Bijna 23 jaar na de val van de Berlijnse Muur krijg ik nog steeds tranen in mijn ogen bij de televisiebeelden van toen. Gelukkige, huilende en uitbundig vierende mensen. Oude herinneringen komen naar boven. Hoe ik vroeger in het bos speelde van de verdeelde stad Berlijn en er tegen bordjes aanliep met 'You are leaving the American sector' en direct daarachter de Muur. Hoe ik aan de westerse kant van de grens roeide en aan de andere kant de Oost-Duitse waterpolitie patrouilleerde, die ook op het water de weg naar de vrijheid versperde. Maar bovenal herinneringen aan de apotheose van de val, waarbij ik die novembernacht in 1989 zelf op de Muur stond bij de Brandenburger Tor. Tranen en emoties van heel veel Duitsers vormden de basis voor onvoorwaardelijke financiële solidariteit: transfers door tranen.

Maar als het om oplossingen voor de eurocrisis gaat, zijn er twee kampen: de profeten van het einde van de euro en de federalisten, die de euro alleen zien overleven in de Verenigde Staten van de Eurozone. Een federale structuur met transferbetalingen, naar Duits voorbeeld. Gek genoeg lokt het woord 'transferunie' net bij de Duitsers een allergische reactie uit. Want de Duitse ervaring gaat veel verder terug.

Al in 1950 begon de Länderfinanzausgleich, synoniem voor de directe en indirecte herverdeling van belastinggelden. Inmiddels wordt jaarlijks 35 miljard euro herverdeeld. Tot grote economische convergentie heeft dat echter niet geleid. Na 60 jaar is er één succesverhaal: Beieren. De welvarende deelstaat onderging een metamorfose van netto-ontvanger naar nettobetaler, en is nu zelfs de grootste betaler in het Duitse systeem.

Het is niet enkel een Duitse les: transferbetalingen remmen vaak hervormingen. Waarom moeite doen als het helpende geld vanzelf binnenkomt? Dat systeem komt onder grote druk zodra de netto-betalers de broekriem moeten aanhalen. Want jaloezie doet de solidariteit en gulheid snel slinken. Zelfs in eigen land.

Zestig jaar Duitse transferunie bewijst dat onvoorwaardelijke steun de verschillen in inkomsten en welvaart hooguit stabiliseert. Economische convergentie komt er uitsluitend op eigen kracht. Onvoorwaardelijke steun komt voort uit emoties, niet uit economische overwegingen. Ik vrees dat over twintig jaar weinig Duitsers met tranen in de ogen naar televisiebeelden van de Akropolis zullen kijken. Daarom kunnen we alleen maar concluderen: zonder tranen geen transfers.

Deze column verscheen vandaag in het Belgische dagblad "De Tijd".

Monday, April 9, 2012

German exports defy February freeze

A reliable friend. German exports defied the general February freeze of the economy and increased for the second consecuetive months. As just reported by the Federal Statistical Office, German exports increased by 1.6% MoM, from 3.4% MoM in January. At the same time, imports increased by 3.9% MoM, narrowing the seasonally-adjusted trade balance to 13.6 bn euro, from 15.1 bn in January.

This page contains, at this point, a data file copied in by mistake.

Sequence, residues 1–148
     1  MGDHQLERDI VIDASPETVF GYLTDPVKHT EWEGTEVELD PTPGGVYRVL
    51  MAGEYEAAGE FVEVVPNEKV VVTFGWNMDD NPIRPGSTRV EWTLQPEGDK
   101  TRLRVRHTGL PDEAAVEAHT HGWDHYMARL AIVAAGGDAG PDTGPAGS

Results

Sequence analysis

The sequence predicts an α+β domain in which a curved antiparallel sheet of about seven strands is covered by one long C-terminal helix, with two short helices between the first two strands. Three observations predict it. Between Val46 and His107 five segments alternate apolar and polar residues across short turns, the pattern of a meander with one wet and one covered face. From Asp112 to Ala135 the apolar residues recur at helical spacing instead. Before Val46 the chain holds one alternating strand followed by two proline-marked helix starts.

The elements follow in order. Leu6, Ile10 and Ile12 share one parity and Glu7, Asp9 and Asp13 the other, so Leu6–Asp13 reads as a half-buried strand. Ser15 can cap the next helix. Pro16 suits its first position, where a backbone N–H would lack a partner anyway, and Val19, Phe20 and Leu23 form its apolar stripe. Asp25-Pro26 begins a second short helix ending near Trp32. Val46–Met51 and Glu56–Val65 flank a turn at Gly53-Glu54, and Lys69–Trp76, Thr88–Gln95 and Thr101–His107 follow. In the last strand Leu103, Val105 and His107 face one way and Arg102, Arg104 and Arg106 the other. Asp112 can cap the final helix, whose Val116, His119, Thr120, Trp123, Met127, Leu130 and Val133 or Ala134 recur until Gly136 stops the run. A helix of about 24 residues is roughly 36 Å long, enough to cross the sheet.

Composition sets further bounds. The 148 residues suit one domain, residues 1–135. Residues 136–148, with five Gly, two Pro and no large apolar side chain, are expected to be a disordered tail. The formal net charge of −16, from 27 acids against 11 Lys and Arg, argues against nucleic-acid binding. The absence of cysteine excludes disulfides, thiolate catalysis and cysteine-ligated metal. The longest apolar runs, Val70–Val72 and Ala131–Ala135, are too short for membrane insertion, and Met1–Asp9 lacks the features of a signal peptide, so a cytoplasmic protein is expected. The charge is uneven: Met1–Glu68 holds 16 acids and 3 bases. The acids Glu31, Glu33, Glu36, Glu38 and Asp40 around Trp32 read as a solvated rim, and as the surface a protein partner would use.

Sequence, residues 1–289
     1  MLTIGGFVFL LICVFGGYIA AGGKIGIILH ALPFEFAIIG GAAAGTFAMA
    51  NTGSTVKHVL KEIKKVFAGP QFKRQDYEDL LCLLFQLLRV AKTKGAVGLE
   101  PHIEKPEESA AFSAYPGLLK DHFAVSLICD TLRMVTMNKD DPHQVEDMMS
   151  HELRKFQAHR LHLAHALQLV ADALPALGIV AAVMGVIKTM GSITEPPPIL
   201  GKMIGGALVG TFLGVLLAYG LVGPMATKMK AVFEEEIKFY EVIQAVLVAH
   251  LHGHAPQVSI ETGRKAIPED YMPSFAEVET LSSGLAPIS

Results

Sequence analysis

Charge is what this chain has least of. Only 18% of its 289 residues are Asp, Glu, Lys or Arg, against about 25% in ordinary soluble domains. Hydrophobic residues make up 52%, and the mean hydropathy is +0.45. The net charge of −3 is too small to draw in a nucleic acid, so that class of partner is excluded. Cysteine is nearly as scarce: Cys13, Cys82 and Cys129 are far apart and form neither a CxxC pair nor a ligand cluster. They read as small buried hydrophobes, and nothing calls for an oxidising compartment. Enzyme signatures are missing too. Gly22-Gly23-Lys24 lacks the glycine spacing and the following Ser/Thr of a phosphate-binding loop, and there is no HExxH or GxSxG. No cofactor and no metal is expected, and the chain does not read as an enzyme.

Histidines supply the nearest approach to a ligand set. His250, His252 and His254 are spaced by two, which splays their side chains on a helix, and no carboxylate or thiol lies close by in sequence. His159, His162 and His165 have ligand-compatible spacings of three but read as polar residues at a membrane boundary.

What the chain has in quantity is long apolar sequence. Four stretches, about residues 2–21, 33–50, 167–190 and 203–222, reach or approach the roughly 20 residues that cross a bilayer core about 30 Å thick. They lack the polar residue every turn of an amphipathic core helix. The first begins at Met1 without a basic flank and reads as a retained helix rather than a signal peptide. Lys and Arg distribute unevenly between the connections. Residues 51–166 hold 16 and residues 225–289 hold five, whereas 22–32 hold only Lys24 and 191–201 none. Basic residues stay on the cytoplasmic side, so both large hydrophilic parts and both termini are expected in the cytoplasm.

Last week’s industrial data showed that the German economy is still flirting with a technical recession. However, a weather-driven sharp rebound of the construction sector, moderate production and today’s trade data still have the potential to lift the economy into recession-free territory.

More and more, the German economy’s destiny is in the hands of its trading partners outside the Eurozone. Detailed data for 2011 trade last week showed that the Eurozone crisis is getting closer and closer to the heart of the German economy. In Q4 2011, exports to the biggest Eurozone trading partner, France, still increased by 8.9% QoQ, while exports to the Netherlands were only up by 2.3% and exports to Italy even dropped sharply (-7% QoQ). The main drivers of Germany’s export engine are currently non-Eurozone countries: the US, the UK and China.

Germany’s dependence on international – and therefore less intra-Eurozone trade – will not make the necessary rebalancing of the Eurozone economy any easier. Even if there has been a tender catching up in terms of price competitiveness by Eurozone peripheral countries vis-à-vis Germany since early 2010, a continuation of this trend will not be easy. The peripheral part of this rebalancing is already a painful one. However, ideally, the rebalancing also requires a German part but German exporters look unlikely to play this role. Since early 2010, German companies have already started to squeeze their margins more than other Eurozone countries, helping to sustain market shares. Obviously, German companies cannot squeeze margins forever. As a consequence, the tolerance for and acceptance of higher wages in the non-tradable sector (as e.g. illustrated by the recent 6.3% raise in the public sector) should remain much higher than in the tradable sector. Eurozone rebalancing will remain a very bumpy road.